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All about Imbolc

Image from Wikipedia

Image from Wikipedia

 

Imbolc, or Imbolg, is one of the lesser known festivals of the ancient Celts, but it was one of the four most important festivals in the Celtic calendar. For this ancient society, the year revolved around two main points; on the one hand, since the Celts were an agricultural society, everything was based around the harvest. On the other hand, they also had an in-depth knowledge about the alignment of the sun and stars, which history suggests had great significance for them. So their calendar was neatly divided up into four quarters, with a festival to celebrate reaching each one. The year started with Samhain at the end of October, when the harvest was in full swing, to prepare for the onset of winter. In Celtic philosophy, light must always follow dark, so this is why their year began on such a sombre note. Bealtaine at the beginning of May marked the coming of summer, the beginning of sowing crops, and the light half of the year, and was the biggest and happiest celebration. In between were Lughnasa in August, marking the beginning of the harvest, and Imbolc in February, to celebrate the beginning of spring.

What was Imbolc about?

Simply put, Imbolc was a celebration of the end of winter, and the impending light half of the year. The hardest part of the year was over; adverse weather, cold temperatures, food rationing, and of course, no warfare (an integral part of Celtic society) would soon be a thing of the past. Farmers were getting ready to go back to work, preparing animals for breeding, warriors were picking up their weapons again, and the political and social aspects of life that had been put on hold for winter were also beginning again.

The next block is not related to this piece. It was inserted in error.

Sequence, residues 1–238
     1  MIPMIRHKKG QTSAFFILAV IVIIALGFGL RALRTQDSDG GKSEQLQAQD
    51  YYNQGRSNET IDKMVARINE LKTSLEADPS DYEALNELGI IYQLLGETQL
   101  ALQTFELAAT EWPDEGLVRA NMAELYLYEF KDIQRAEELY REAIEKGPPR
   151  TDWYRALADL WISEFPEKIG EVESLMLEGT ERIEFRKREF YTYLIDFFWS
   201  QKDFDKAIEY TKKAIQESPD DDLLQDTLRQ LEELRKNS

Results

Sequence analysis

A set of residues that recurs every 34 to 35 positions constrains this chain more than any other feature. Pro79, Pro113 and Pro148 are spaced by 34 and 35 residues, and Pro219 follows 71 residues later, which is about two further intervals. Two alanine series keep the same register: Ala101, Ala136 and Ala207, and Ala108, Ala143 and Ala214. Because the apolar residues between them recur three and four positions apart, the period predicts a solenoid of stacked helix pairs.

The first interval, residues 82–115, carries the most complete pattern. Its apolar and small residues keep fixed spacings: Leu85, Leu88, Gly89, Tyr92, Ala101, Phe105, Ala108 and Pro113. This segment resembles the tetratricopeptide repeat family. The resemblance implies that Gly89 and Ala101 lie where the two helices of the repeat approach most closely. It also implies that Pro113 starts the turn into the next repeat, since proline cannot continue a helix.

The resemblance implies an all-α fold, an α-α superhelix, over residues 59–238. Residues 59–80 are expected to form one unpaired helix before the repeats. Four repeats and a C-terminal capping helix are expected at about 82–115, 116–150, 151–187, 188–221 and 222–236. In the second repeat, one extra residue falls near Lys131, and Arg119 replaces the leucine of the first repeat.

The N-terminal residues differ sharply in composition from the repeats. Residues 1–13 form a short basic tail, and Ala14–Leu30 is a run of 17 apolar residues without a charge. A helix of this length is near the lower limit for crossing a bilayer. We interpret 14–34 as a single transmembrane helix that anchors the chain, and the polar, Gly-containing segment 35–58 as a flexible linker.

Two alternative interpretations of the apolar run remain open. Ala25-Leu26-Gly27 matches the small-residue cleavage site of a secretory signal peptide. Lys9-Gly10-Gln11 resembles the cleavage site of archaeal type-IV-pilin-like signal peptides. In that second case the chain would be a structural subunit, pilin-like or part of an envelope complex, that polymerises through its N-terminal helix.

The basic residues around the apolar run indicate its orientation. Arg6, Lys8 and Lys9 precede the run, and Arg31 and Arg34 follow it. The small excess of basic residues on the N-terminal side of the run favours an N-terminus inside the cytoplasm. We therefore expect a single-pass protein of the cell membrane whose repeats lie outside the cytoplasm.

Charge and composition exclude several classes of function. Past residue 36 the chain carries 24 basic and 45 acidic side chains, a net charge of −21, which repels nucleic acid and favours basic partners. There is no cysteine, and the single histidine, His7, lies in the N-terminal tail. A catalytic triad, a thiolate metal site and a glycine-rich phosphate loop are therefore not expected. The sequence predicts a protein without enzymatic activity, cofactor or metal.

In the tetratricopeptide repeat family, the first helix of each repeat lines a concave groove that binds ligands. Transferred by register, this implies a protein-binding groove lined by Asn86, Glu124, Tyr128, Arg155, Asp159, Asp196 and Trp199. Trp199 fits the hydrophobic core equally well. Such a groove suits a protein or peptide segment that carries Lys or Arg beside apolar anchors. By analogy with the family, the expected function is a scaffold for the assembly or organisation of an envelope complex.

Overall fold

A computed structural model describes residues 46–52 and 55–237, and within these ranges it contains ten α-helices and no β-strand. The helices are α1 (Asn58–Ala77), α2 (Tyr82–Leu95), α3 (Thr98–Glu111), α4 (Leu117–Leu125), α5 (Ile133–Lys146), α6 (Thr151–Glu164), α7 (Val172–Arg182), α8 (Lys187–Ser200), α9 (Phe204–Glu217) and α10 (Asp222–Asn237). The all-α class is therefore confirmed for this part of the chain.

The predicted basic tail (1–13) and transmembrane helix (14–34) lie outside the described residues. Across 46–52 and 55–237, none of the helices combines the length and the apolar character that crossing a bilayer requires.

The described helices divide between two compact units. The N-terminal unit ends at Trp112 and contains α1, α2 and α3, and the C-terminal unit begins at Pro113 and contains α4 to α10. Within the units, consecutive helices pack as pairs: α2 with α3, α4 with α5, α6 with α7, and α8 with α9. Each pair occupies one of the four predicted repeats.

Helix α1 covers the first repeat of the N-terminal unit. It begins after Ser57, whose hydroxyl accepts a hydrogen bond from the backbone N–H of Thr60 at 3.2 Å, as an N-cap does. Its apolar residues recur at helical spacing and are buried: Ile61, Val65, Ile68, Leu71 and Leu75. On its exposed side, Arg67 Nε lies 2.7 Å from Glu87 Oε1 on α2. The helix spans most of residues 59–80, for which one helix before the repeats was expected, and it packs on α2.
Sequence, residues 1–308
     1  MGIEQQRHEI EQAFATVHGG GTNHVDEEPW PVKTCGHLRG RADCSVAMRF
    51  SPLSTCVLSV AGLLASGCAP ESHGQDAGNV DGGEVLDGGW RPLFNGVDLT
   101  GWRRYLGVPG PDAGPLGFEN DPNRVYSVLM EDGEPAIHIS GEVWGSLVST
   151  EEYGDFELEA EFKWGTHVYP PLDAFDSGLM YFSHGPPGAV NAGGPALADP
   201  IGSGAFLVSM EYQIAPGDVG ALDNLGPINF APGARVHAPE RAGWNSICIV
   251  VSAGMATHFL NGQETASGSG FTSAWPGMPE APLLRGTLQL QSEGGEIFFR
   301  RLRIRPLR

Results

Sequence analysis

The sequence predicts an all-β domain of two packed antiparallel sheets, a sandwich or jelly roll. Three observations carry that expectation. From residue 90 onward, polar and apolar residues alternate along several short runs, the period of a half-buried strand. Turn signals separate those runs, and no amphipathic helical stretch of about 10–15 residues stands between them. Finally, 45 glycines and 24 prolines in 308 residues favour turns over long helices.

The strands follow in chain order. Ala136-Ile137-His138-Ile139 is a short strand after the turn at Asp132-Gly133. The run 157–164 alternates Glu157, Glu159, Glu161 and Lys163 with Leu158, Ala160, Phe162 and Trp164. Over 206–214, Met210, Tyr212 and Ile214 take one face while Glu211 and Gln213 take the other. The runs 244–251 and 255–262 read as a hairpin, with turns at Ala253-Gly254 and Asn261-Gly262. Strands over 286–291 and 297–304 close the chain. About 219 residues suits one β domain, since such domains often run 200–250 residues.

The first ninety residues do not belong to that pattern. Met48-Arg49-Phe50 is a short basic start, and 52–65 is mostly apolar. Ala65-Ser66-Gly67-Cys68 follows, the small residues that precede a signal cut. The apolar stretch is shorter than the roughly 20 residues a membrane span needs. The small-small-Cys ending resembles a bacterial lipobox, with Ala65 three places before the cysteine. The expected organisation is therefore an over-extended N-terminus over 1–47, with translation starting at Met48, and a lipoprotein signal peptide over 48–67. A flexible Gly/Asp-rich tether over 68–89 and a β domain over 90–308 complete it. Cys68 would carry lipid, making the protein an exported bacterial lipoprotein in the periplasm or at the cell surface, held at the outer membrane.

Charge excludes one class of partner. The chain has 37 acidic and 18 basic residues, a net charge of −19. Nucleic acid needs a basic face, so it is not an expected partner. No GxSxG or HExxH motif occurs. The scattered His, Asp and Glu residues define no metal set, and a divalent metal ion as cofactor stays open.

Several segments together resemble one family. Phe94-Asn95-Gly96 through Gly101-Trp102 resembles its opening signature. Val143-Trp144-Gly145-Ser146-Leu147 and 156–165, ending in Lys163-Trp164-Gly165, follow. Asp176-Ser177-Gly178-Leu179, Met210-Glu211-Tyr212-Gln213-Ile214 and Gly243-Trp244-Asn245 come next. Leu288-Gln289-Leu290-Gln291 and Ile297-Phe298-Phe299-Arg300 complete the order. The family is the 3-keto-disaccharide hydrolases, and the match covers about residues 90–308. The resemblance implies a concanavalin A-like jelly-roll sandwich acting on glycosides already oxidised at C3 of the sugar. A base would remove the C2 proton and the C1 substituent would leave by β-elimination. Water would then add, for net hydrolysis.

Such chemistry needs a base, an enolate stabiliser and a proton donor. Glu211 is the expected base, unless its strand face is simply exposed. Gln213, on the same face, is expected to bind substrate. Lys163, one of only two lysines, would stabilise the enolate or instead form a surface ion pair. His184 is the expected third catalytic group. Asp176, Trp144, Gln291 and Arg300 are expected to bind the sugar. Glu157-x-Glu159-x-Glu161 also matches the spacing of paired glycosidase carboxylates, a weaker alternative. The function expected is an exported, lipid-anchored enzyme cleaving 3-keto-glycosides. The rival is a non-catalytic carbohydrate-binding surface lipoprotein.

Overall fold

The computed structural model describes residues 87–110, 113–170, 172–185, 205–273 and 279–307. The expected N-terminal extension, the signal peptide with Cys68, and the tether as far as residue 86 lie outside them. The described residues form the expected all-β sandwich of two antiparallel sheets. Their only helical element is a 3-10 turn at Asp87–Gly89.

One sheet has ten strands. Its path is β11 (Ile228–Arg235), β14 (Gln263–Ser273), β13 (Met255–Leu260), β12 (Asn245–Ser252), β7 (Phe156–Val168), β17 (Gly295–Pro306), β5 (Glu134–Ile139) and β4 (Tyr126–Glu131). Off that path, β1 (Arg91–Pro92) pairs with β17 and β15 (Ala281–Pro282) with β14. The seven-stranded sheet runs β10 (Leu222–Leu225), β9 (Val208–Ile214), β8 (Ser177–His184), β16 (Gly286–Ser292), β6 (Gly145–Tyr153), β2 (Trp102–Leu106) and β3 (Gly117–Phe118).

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The name Imbolc originates from ‘i mbolg’, which translates as ‘in the belly’. This refers to livestock breeding season, particularly the pregnancy of ewes, which was one of the focal points of the celebration. Because the festival was so associated with this, its timing often varied – it could be anywhere from mid-January to mid- February depending on the weather and the animals’ behaviour. It also appeared to have a more spiritual significance for the Celts too, as it’s no coincidence that more than a few megalithic monuments around Ireland are perfectly aligned with the rising sun around the dates of Imbolc and Samhain.